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The Big Ten conference announced that its fall sports teams will only play conference opponents this upcoming season due to COVID-19 on Thursday afternoon.

The conference’s decision comes amid rising coronavirus cases nationwide and a day after the Ivy League suspended all fall sports. Most Division I universities have student-athletes back on campus in some capacity, but the Big Ten is the first Power Five conference to announce this measure in an attempt to keep its teams geographically contained.

“We are facing uncertain and unprecedented times, and the health, safety and wellness of our student-athletes, coaches, game officials and others associated with our sports programs and campuses remain our number one priority,” the statement said.

Per the statement, limiting competition to other Big Ten institutions will give the conference flexibility to adjust operations based on, “the most current evolving medical advice and the fluid nature of the pandemic.”

The Big Ten’s decision impacts men’s and women’s cross country, field hockey, football, men’s and women’s soccer and women’s volleyball.

If college football can be played this fall, per ESPN, there is overwhelming support amongst Big Ten schools for a 10-game, conference-only regular season. In the same article, an assistant coach at a Big Ten football program told the outlet that his head coach instructed him to stop scouting non-conference opponents and instead focus on conference foes.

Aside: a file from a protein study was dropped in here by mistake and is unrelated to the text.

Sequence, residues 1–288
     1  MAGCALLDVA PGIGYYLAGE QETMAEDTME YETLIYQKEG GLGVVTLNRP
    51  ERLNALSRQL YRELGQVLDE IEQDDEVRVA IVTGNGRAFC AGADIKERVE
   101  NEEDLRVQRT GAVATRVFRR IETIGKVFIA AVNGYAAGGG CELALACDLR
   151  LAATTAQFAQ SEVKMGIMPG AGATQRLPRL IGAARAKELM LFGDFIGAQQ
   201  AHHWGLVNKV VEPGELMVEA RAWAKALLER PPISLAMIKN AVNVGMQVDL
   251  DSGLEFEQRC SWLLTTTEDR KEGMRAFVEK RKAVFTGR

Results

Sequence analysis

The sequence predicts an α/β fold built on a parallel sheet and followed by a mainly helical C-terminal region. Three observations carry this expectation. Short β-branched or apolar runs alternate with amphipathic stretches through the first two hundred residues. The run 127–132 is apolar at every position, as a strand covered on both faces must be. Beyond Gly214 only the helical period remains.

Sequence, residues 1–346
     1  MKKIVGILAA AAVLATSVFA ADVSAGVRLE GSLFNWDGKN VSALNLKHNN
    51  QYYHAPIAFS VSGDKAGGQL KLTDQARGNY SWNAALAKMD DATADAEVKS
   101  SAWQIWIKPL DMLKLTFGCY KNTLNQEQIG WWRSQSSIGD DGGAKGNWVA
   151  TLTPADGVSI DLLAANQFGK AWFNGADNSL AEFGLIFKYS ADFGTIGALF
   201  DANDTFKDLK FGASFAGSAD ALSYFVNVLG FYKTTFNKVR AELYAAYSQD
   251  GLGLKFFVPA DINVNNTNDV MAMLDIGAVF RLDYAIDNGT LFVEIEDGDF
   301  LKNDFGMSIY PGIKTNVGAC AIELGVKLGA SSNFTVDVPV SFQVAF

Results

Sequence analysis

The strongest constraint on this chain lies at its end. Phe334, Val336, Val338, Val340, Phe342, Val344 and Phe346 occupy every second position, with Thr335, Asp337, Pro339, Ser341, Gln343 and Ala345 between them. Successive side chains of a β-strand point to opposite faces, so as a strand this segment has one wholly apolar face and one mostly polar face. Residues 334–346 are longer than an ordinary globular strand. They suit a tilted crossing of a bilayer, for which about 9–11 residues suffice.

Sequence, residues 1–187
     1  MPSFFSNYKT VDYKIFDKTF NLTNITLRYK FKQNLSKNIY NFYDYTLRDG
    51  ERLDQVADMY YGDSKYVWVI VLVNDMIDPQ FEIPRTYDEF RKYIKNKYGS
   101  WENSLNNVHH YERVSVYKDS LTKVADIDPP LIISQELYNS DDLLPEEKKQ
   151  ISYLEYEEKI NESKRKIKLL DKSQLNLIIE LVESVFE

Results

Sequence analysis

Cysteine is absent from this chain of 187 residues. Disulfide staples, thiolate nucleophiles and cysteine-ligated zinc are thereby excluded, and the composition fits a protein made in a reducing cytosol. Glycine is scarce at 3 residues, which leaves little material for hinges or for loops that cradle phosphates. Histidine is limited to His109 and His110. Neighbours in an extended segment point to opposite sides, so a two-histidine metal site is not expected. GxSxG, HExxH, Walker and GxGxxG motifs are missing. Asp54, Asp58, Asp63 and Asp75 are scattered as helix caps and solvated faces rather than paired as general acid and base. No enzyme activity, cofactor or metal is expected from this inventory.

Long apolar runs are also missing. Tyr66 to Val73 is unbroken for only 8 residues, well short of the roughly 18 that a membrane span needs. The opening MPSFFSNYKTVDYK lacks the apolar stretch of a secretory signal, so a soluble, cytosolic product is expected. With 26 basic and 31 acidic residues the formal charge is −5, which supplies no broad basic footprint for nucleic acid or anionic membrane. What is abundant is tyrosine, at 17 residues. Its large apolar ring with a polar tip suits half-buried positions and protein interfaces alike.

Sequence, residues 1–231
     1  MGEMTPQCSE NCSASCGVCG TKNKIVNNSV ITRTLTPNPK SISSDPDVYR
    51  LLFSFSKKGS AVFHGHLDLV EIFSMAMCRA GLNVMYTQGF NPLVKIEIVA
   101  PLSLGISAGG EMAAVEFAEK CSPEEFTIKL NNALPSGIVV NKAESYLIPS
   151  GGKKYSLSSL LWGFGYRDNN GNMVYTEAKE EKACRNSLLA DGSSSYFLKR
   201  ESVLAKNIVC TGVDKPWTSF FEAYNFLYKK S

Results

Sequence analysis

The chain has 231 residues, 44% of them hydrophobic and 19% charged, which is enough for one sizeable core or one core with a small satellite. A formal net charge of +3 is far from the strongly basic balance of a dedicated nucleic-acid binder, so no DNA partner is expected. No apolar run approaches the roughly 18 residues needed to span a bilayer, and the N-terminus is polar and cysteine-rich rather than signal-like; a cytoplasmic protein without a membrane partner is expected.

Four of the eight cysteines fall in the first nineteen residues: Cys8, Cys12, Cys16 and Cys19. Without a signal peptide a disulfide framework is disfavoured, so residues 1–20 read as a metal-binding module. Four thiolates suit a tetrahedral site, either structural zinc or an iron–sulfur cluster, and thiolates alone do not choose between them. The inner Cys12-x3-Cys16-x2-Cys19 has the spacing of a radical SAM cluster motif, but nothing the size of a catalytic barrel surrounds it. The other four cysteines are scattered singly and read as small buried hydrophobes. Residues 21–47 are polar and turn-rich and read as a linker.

It is yet to be seen exactly how this decision will impact scheduling, as football is the only Big Ten fall sport with a set schedule. What is known is that Nebraska’s Sept. 12 game against Central Michigan, Sept. 19 game against South Dakota State and Sept. 26 game against Cincinnati will no longer be played.

The conference said that scheduling details will be released at a later date, while decisions on whether or not fall sports will be played will continue to be evaluated. 

“As we continue to focus on how to play this season in a safe and responsible way, based on the best advice of medical experts, we are also prepared not to play in order to ensure the health, safety and wellness of our student-athletes should the circumstances so dictate,” the statement said.

In the interim, the Big Ten said that voluntary summer workouts are allowed to continue on its member campuses. Additionally, Big Ten athletes who choose not to participate in athletics during the 2020-21 season due to coronavirus concerns will continue to have their scholarship honored by their school.

University of Nebraska-Lincoln Chancellor Ronnie Green, University of Nebraska System President Ted Carter and Husker Athletic Director Bill Moos expressed their pleasure with the Big Ten's decision in a Thursday afternoon statement.

"The most important thing is the safety of our student-athletes and that of our Athletics staff and coaches, and we appreciate the thoughtful approach taken by the Big Ten," the statement said. "We are fortunate that the COVID-19 pandemic has not been as widespread in Nebraska and look forward to safely hosting Big Ten competitions."

sports@dailynebraskan.com